Graves: School project management | Forum


Raising three daughters came with many delights, challenges, prayers and moments in this alley of Target trying to figure out the differences between “ultra”, “Infinity FlexFoam”, “overnight”, “sport”, “wings”, “Radiant” and “Ask your wife, you goober.”

One ordeal that all parents are destined to endure at some point is the dreaded school project – specially designed by educators to take revenge on parents who genuinely believe their child is “a joy to teach.”

When our daughters started going to school, I made an arrangement with my wife to help with all the projects if she took care of anything related to the ailments of math. And after helping with enough school projects to qualify for a Concealed Glue Gun Permit, I’ve found that what should be an opportunity for a father-daughter bond usually ends with someone hurting themselves and crying. – and it’s not always me.

Another challenge I face is trying to figure out how much “help” to offer on a school project versus the risk that one of my daughters will get hurt or, more importantly, get hurt.

One of the first school projects I remember our daughters being assigned to was the infamous leaf collection, which often involved third-degree trespassing and assaults on innocent leaves. Inevitably, the last specimen we needed to complete the project required that I jump in the dark like a drunken baboon trying to reach for the perfect bundle of loblolly pine needles – because my oldest and dearest daughter insisted. so that those on the floor were no longer “pretty”.

Another foray into school projects was to create a shoebox diorama of a scene from EB White’s traumatic children’s novel “Charlotte’s Web.” This project required us to artistically design Wilbur’s barnyard out of a shoebox that once contained a pair of Gianni Bini pumps that never really looked good on me. While my daughters and I were working we fed the tears brought on by strands of molten hot glue and that chapter where beloved Charlotte dies after becoming the only arachnid in history that we didn’t want to crush with a thong.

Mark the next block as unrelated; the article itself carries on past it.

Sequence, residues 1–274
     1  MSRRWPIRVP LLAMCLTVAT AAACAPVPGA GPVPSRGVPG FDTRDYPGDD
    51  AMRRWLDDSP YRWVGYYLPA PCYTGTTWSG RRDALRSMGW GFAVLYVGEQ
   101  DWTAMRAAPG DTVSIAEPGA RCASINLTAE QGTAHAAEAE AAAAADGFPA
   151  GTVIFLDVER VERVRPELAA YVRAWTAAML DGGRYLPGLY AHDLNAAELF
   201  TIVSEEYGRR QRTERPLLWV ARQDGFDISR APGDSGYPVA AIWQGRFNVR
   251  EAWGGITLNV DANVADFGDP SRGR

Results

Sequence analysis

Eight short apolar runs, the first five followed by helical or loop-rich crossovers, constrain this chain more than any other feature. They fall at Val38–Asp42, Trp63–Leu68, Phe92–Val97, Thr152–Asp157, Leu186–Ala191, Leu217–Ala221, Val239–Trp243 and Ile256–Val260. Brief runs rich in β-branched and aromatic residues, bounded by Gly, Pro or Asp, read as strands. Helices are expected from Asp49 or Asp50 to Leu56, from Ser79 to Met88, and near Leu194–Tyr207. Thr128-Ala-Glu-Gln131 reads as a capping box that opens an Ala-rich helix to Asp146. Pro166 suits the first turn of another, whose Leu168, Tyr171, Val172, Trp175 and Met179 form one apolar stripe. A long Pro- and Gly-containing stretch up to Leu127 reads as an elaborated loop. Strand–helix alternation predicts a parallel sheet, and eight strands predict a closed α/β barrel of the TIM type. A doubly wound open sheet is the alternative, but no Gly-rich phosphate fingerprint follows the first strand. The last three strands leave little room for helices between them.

I also remember helping my eldest and middle daughters bake and decorate cakes that are supposed to represent cross sections of human skin for science class. Yes, that’s right, skin cakes – completely topped with pale pink epidermis frosting, melted Tootsie Roll hair sticks, Sour Punch Straw sweat glands and subcutaneous tissue made from mints Hickory Farms Mini Meltaway. I don’t know about you, but I find it hard to get excited about the sweat glands for dessert, which is probably why I only had four servings.

More recently, my youngest daughter was commissioned to assemble a three-dimensional model of a phosphorus atom. Before helping with this project, I didn’t know much about phosphorus – other than the fact that I ate a lot of it, according to the Honey Nut Cheerios box. Apparently, though, making a phosphorus model requires at least $ 50, about five trips to Michael’s, and a full weekend in the tubes.

The trick was to find a way to put together three outer rings that would contain the electronic items without teaching my daughter new curses. The teacher’s instructions recommended using household items, but my daughter just rolled her eyes when I suggested an old toilet seat. We finally understood, and the model was so “phosphorous” that the teacher asked to keep it as an example. (I wonder if she’s ever received my bill.)

Despite all the injuries from the hot glue, spray paint fumes, and general arts and crafts trauma, I still think I got the most out of the deal I made with my wife all those years ago. And I bet if you ask any of our daughters, they’ll tell you that through it all, I’ve been “a pleasure to teach”.

– Jase Graves, a resident of Longview, is a union columnist for the Cagle Cartoons newspaper and a regular contributor to the News-Journal.

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